Tuesday, May 4, 2010

Nothing unfair about being ID'd

The race card is being used over and over again by this administration. Obama's campaign mantra of bringing the country together, was just that, campaign rhetoric. He has identified his power source and is hell bent on seeing that as many Mexicans vote Democrat in November 2010 and even more in 2012. He cares not for the legal productive citizens of this country.

U.S. Rep. Jan Schakowsky, D-Ill., invoked the Holocaust: "The words 'show me your papers' we've known from movies of World War II coming out of the mouth of a Nazi." Los Angeles Cardinal Roger Mahony likened the law to "German Nazi and Russian communist techniques." Joshua Hoyt, director of the Illinois Coalition for Immigrant and Refugee Rights, declared ". . . a racial reign of terror spreading across the country . . . , " referring to the murderous anarchy accompanying the French Revolution. Others said it's apartheid, all over again.

In comparison with these asinine incitements, people who merely call for boycotts of Arizona come off sounding like moderates. For all of them, I suspect that actually reading the law is too boring or too difficult. Or it would interrupt their flailing about in spasms of political correctness. (The law is Senate Bill 1070, amended Friday by SB 2162.)

The law requires no more than the federal statute that instructs lawful immigrants to carry a U.S. government-issued green card as proof of authorization to live and work in this country on a permanent basis. Or if they're not permanent residents, they need "temporary visas" that allow them to visit as tourists, students or temporary workers.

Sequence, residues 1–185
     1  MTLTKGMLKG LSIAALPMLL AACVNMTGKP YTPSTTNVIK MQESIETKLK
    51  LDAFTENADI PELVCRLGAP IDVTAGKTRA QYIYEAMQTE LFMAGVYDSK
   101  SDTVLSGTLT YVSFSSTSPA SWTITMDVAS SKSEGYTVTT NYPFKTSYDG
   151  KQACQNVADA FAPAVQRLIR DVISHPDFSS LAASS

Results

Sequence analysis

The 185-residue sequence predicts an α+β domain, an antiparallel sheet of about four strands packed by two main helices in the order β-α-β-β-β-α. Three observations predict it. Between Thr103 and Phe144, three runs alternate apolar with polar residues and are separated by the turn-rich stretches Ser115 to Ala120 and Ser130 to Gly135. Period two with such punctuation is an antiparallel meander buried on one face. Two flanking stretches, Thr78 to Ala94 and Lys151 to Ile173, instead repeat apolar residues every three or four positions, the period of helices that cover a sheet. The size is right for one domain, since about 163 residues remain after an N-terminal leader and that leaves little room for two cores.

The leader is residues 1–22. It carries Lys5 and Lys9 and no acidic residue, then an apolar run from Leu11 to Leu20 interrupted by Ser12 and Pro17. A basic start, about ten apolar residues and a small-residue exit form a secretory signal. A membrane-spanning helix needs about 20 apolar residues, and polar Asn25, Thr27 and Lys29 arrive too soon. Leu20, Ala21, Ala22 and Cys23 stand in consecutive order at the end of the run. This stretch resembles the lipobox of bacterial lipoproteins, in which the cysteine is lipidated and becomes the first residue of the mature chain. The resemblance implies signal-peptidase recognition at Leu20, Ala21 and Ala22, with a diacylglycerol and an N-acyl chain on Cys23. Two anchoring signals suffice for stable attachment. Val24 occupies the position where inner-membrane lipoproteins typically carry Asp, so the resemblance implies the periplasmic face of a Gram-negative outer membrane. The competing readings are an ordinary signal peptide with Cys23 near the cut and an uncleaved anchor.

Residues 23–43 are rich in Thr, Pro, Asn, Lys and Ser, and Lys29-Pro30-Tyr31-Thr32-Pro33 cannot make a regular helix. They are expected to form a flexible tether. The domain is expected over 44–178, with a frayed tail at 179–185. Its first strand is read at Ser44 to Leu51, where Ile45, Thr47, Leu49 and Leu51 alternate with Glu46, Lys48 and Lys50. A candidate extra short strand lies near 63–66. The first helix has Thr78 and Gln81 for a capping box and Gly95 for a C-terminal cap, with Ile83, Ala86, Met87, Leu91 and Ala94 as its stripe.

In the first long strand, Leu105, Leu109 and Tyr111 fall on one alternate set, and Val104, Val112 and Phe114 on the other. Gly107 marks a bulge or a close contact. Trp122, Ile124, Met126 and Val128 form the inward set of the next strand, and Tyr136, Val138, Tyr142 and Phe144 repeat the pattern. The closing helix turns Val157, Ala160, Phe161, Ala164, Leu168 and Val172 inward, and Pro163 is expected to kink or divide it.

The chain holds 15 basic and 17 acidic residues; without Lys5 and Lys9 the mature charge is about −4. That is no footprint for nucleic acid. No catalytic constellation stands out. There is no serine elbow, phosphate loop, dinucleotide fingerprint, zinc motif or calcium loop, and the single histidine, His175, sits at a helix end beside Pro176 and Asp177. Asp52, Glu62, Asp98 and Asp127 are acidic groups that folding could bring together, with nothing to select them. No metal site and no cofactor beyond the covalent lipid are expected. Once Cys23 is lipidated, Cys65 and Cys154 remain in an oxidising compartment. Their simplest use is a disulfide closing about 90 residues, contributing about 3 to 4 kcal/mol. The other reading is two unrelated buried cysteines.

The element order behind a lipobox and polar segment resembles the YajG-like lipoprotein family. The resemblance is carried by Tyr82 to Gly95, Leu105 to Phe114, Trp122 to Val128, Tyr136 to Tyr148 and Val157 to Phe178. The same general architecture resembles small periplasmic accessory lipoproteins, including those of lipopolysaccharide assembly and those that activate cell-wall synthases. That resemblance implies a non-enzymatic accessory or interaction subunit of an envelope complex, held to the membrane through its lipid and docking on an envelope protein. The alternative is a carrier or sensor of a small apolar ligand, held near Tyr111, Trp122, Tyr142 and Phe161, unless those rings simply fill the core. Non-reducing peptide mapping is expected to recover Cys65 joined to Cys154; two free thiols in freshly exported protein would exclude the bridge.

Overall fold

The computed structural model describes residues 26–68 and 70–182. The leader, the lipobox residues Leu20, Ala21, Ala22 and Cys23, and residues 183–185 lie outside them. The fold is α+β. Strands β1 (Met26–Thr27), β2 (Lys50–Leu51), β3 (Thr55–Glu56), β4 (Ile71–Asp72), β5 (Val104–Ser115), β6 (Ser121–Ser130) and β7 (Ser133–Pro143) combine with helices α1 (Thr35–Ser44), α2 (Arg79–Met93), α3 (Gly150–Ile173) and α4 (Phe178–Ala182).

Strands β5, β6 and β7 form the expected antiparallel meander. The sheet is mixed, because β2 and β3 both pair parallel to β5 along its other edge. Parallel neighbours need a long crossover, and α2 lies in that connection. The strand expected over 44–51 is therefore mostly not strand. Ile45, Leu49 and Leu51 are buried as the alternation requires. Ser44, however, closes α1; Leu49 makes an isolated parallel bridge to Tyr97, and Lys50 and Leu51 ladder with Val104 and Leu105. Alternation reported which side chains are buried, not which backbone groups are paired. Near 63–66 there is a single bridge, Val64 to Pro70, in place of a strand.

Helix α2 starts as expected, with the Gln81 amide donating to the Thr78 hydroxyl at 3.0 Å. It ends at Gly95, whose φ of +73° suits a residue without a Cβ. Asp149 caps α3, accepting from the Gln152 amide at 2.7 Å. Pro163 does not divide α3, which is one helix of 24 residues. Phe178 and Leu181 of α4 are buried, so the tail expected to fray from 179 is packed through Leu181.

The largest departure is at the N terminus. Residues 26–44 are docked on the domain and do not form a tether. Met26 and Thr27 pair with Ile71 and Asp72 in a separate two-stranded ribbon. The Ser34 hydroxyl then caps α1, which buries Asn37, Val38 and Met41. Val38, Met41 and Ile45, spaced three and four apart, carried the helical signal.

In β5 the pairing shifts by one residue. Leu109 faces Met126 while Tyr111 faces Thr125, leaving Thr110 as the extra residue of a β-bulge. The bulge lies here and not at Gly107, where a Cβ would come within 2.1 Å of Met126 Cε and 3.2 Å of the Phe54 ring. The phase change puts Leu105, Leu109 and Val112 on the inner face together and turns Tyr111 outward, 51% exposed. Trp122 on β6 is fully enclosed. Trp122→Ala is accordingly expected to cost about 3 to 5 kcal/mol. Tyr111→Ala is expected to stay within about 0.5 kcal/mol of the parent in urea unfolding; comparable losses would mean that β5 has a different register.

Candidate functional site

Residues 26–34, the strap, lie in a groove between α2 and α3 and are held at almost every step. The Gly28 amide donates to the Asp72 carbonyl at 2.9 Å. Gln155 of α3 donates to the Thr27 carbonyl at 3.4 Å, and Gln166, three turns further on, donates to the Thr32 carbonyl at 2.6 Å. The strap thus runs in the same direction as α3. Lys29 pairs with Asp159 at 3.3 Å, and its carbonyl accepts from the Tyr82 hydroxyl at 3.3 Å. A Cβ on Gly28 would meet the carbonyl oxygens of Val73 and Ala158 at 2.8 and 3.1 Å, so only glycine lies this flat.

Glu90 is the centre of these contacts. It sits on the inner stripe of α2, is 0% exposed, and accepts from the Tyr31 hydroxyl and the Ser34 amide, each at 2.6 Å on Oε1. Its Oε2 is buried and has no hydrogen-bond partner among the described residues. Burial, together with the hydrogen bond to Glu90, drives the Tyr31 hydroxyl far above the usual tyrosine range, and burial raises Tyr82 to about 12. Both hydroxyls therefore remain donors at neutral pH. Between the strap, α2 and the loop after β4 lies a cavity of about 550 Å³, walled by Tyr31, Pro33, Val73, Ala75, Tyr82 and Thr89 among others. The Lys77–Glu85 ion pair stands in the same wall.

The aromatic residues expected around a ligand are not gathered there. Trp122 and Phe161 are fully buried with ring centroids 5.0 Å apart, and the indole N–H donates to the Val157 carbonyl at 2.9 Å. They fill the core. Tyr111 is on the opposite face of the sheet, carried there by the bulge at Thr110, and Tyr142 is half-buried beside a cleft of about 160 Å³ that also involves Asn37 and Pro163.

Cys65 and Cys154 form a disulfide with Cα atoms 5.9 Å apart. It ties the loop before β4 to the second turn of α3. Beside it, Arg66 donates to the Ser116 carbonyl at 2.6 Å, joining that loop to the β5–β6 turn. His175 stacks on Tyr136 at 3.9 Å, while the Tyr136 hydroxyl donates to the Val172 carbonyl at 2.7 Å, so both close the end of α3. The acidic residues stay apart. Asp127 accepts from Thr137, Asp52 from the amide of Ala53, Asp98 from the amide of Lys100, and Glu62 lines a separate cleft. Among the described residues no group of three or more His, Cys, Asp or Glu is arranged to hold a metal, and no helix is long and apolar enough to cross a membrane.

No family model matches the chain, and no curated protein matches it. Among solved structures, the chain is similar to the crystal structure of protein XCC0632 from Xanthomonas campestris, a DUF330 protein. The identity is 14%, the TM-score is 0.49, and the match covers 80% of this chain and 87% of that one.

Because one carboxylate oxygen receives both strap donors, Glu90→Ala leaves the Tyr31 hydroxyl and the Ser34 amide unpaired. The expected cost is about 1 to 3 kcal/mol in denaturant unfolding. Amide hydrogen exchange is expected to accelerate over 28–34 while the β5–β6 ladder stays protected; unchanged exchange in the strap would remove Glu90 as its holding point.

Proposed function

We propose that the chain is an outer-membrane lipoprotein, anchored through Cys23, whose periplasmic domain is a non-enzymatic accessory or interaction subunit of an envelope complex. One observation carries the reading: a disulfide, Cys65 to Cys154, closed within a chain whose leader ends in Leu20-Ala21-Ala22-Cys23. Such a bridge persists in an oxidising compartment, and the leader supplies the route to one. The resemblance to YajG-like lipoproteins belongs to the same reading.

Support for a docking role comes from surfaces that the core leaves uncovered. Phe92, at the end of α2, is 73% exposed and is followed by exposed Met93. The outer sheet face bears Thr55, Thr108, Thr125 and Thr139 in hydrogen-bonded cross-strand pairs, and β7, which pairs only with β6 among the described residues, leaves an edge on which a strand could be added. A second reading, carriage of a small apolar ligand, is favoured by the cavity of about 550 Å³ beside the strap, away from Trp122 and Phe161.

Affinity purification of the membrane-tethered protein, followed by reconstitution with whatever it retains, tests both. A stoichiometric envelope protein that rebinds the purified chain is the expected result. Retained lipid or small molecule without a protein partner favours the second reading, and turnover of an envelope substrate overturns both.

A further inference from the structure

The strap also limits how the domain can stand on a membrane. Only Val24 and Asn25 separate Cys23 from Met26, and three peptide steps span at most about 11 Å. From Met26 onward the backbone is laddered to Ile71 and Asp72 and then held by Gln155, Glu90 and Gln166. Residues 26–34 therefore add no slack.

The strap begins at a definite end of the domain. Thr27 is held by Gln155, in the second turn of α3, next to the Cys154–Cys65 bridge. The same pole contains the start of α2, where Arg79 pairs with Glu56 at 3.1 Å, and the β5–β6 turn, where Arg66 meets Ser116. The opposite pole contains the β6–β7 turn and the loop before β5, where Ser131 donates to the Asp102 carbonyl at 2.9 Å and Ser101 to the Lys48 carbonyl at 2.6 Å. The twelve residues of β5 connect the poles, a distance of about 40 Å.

Arizona Gov. Jan Brewer said "the legislation mirrors federal laws regarding immigration enforcement . . . Despite erroneous and misleading statements suggesting otherwise, the new state misdemeanor crime of willful failure to complete or carry an alien registration document is adopted, verbatim, from the same offense founding federal statute."

You've got to wonder how Hitler or Stalin sneaked that into American law.

Truth is, the Arizona law is no more intrusive that an Illinois state trooper asking for your driver's license, vehicle registration and proof of insurance when you're caught speeding. The number of times that you are routinely and reasonably asked for ID is too numerous to go into here.

Bear with me, because this nuttiness has made it necessary to quote the Arizona law: "For any lawful contact stop, detention or arrest made by a (state or local) law enforcement official … in the enforcement of any other law or ordinance of a county, city or town or this state where reasonable suspicion exists that the person is an alien and is unlawfully present in the United States, a reasonable attempt shall be made, when practicable, to determine the immigration status of the person, except if the determination may hinder or obstruct an investigation." (My emphasis)

Is it an unreasonable burden to be asked for proper ID when you are suspected of a crime? Of course not, unless you think that entering this country illegally is not a crime.
Read Chicago Tribune article "Nothing unfair about being ID'd" here.

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